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In The News

Cargill to get most of tax break it sought

By Paul Rogers

Bay Area News Group, The Daily News, 11/14/09

In a victory for Cargill Salt, the Internal Revenue Service has awarded the company most of the tax break it had been seeking in connection with its sale six years ago of 16,500 acres of industrial salt ponds in the South Bay for wetlands restoration.

The value of the property has been sharply debated since the 2003 purchase.

The IRS concluded that the lands that Cargill — an agribusiness giant based in Minneapolis — sold to the state and federal government for $100 million are worth $200 million, Lori Johnson, a Cargill spokeswoman, said late Friday.

Cargill had argued they were worth $232 million. The company was seeking a tax deduction for the $132 million difference, claiming it as a donation to the public. Instead, it will get a $100 million deduction.

Some environmentalists, citing flaws in the appraisal on which the deal was based, said the lands were grossly overvalued and that Cargill deserved no tax break.

The final value has been considered critically important because it will help set a price for future public land purchases around the bay. From Napa to Fremont, biologists are attempting to restore thousands of acres of hay fields, old salt ponds and other properties back to natural conditions for ducks, fish and other wildlife.

Johnson said that although the IRS auditors didn’t agree with the full amount that Cargill claimed, they agreed to most of it, and the company feels largely vindicated.

“I would hope this would reconfirm for the residents of the Bay Area that the agencies that were involved in this played it straight,” Johnson said. “The property was worth well over the amount of taxpayer money that went into it.”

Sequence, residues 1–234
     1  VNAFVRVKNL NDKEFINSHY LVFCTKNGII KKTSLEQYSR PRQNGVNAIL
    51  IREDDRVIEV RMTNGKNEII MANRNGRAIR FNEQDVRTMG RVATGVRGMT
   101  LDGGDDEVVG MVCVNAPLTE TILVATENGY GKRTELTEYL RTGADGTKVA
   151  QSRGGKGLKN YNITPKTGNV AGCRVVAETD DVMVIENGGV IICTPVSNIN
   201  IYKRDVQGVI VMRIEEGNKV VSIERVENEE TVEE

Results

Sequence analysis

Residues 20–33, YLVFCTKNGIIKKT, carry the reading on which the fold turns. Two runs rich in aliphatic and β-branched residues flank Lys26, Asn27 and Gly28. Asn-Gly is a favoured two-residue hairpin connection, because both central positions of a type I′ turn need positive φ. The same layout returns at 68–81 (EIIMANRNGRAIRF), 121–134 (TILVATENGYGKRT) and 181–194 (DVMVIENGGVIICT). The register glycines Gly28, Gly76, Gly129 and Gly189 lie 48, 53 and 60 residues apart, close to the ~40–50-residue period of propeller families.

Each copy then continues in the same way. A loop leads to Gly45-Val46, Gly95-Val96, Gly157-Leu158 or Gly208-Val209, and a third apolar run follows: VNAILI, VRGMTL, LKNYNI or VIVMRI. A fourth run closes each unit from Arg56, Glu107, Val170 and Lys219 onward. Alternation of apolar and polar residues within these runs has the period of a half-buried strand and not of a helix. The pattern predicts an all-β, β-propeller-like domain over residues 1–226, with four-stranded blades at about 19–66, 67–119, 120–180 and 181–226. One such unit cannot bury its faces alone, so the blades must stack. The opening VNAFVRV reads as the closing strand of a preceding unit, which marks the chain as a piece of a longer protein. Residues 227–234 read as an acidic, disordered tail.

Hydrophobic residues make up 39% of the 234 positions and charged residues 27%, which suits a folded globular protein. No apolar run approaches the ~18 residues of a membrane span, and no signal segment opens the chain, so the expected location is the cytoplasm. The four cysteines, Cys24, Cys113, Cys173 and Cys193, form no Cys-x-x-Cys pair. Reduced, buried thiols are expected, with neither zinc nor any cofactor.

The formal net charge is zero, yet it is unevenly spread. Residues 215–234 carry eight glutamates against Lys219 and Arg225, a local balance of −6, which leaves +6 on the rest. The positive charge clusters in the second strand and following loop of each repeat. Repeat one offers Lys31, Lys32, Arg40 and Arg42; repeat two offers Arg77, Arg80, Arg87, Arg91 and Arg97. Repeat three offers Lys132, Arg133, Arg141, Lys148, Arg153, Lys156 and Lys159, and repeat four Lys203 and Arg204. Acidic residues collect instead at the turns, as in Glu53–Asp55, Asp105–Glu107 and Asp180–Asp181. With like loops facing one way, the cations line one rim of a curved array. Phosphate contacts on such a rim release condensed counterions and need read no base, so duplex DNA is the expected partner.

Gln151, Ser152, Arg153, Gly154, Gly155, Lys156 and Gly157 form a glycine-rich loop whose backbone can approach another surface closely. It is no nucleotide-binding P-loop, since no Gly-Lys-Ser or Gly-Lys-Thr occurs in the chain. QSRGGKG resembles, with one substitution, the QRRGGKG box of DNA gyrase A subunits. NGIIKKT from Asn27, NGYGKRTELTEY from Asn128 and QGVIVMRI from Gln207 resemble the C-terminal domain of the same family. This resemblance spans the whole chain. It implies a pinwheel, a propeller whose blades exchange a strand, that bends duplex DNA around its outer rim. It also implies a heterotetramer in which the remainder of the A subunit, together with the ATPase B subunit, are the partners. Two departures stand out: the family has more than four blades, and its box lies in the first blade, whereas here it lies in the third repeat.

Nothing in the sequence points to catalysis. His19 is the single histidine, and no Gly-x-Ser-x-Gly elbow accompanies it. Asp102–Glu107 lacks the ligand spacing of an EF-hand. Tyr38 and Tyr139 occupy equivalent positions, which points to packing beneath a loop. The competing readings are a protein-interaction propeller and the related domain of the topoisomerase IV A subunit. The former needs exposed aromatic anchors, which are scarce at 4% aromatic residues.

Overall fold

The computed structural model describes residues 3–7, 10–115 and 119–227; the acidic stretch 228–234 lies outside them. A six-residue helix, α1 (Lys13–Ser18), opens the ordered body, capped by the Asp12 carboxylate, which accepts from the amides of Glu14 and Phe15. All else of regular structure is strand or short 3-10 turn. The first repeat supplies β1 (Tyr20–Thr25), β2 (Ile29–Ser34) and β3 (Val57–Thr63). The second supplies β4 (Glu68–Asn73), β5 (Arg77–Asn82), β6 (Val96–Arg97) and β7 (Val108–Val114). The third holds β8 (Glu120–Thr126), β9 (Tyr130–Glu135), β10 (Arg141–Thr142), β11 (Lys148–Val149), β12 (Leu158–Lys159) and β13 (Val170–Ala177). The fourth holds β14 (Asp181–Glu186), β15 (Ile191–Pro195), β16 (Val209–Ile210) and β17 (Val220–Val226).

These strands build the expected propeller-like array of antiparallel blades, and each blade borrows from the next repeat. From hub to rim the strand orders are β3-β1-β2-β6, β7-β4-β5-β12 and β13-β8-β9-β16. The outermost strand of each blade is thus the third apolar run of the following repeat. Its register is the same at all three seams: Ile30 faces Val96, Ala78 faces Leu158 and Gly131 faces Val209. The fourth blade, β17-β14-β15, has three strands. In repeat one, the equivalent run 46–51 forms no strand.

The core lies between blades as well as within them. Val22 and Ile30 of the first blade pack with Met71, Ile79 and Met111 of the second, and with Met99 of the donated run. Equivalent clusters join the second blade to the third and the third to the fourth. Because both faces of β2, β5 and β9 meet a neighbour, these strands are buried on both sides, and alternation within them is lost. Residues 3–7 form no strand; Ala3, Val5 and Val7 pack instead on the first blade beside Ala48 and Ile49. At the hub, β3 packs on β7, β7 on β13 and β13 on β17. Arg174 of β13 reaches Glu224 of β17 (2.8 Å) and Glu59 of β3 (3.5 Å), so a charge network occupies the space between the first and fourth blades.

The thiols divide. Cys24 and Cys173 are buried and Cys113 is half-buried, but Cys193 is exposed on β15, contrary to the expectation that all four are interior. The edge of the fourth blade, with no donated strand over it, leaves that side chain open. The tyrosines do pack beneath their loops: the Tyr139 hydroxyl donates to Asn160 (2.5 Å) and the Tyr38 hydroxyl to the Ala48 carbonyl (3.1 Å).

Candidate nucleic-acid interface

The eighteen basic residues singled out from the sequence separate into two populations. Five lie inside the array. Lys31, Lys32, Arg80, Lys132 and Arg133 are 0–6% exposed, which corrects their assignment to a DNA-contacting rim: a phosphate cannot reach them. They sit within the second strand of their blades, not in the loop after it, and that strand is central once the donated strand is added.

Environmentalists said they are disappointed.

“I’m just heartbroken. You have no idea how distressing this is,” said Florence LaRiviere, co-founder of Citizens Committee to Complete the Refuge, in Palo Alto.

“As long as these fraudulent appraisals persist, we are going to have a terribly hard time acquiring what’s left.”

Feinstein brokered deal

The salt ponds stretch from Hayward to San Jose to Redwood City along the Bay’s shoreline. They have been used for a century to evaporate salt for roads, medicine and food. But in recent years, they also have been coveted by biologists for their potential to be restored back to marshes for wildlife. The deal to acquire them six years ago set in motion the largest wetlands restoration effort on the West Coast.

Under that deal, brokered by U.S. Sen. Dianne Feinstein, D-Calif., Cargill sold 16,500 acres of salt ponds to the U.S Fish and Wildlife Service and the state Department of Fish and Game in 2003. Of the $100 million sale price, $72 million came from state bond funds, $8 million from the federal government and $20 million from the Packard, Moore, Hewlett and Goldman foundations.

But the $100 million sale price wasn’t what the government and Cargill said the land was actually worth. The U.S. Fish and Wildlife Service hired an appraiser who concluded the value of the land was $243 million.

The deal became mired in controversy.

The state Department of Fish and Game released the appraisal in 2003 after the deal had closed. It was 28 months old, despite federal rules requiring appraisals to be updated every 12 months.

The appraisal also noted that under the Clean Water Act, the ponds probably could not be filled or developed, dramatically reducing their value.


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